Perception of tinnitus (or any sound in your ears that does not come from the environment around you) is very common and often not a cause for concern. Roughly 45 million Americans experience tinnitus, 26% of which perceive it constantly. When tinnitus is first noticed, it is important to seek an evaluation from an audiologist to rule out any negative health factors that could be the cause. For most, tinnitus is a direct response to untreated hearing loss.
To explain where this perception comes from, we must remember that the hearing system is constantly receiving signals from both ears from the time you are born until the present. This process occurs even when you are not thinking about it or “trying to hear.” The part of your brain that interprets sounds enters on the subconscious level (meaning it cannot be controlled). That’s why even when you’re asleep, you will still wake up to a sound.
As we live, the hearing system becomes damaged. When the hearing system is damaged, or you have an untreated hearing loss, your brain is not receiving auditory input signals like it is used to. To compensate, your brain will amplify its electrical activity and “try much harder” to locate the sounds it is missing, thus, generating a tinnitus perception.
As you perceive the tinnitus, it becomes “a vicious cycle.” As humans, we are taught to focus on the strange sounds, analyze them, and figure out or solve the problem. With tinnitus, this is not the case. The more attention you pay to the tinnitus perception, the more “important” your brain perceives the sound. As it is perceived as more important, the perceived loudness can continue to increase.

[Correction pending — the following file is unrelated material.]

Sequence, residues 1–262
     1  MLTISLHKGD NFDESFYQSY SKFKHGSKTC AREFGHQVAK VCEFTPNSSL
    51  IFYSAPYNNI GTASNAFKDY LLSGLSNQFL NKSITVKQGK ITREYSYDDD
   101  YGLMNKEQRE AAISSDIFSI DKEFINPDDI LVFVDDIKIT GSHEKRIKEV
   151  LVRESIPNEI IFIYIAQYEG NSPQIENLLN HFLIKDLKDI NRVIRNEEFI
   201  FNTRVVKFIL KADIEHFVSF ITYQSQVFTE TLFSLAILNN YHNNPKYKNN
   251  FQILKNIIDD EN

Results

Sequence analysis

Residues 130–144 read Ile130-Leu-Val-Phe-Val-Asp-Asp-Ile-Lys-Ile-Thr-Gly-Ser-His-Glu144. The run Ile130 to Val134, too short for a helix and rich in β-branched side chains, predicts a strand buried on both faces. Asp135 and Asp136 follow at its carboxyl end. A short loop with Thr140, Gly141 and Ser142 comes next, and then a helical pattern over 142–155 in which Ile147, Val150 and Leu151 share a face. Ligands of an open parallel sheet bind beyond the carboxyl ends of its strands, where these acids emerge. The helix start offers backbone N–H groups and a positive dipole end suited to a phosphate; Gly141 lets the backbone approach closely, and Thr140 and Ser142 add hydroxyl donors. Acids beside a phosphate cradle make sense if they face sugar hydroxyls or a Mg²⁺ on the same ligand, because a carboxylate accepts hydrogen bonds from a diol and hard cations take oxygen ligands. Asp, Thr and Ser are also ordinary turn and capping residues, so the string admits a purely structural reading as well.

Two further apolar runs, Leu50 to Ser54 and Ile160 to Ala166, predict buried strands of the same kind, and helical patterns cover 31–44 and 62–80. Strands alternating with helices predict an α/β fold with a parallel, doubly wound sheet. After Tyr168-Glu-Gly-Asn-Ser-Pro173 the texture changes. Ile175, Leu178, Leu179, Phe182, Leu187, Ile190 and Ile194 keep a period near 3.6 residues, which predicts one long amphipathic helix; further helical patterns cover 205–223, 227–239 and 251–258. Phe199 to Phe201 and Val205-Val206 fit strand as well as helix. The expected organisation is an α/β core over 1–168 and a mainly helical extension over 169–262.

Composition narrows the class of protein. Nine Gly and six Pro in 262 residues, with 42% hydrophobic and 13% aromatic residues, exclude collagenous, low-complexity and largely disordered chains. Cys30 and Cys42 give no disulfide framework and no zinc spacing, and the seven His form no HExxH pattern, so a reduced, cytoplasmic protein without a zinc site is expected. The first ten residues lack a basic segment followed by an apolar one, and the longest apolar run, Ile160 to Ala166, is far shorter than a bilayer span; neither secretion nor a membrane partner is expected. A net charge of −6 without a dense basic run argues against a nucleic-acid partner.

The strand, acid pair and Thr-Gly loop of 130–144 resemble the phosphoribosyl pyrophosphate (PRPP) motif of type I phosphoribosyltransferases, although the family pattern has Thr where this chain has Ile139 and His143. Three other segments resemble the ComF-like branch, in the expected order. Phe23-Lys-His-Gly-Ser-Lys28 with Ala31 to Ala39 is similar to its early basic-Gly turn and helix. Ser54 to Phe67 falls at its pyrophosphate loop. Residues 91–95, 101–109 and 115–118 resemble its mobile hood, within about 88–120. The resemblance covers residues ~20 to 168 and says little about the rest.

The treatment for this is to break this “vicious cycle” and discontinue the “bothersome” aspect of the tinnitus. Wearing a hearing aid to provide the auditory input that your brain has been missing will attempt to “teach your brain” how to hear the frequencies again and, over time, eliminate the bothersome tinnitus perception.
Studies show that people utilizing hearing aids fitted by hearing health professionals are nearly twice as likely to experience tinnitus relief.
There are several other forms of treatment for this bothersome perception, depending on the sound you perceive and the degree to which it affects your life.
To speak with our audiologists further about treatment options for you specifically, call us today at (765) 588-1231 to see how we can help you. We look forward to hearing from you!
 American Tinnitus Association. (2016, December 14). Demographics. Retrieved January 27, 2021, from https://www.ata.org/understanding-facts/demographics
 The Hearing Review. (2008, December). Tinnitus Treatment and the Effectiveness of Hearing Aids: Hearing Care Professional Perceptions. Retrieved from https://www.hearingreview.com/practice-building/practice-management/tinnitus-treatment-and-the-effectiveness-of-hearing-aids-hearing-care-professional-perceptions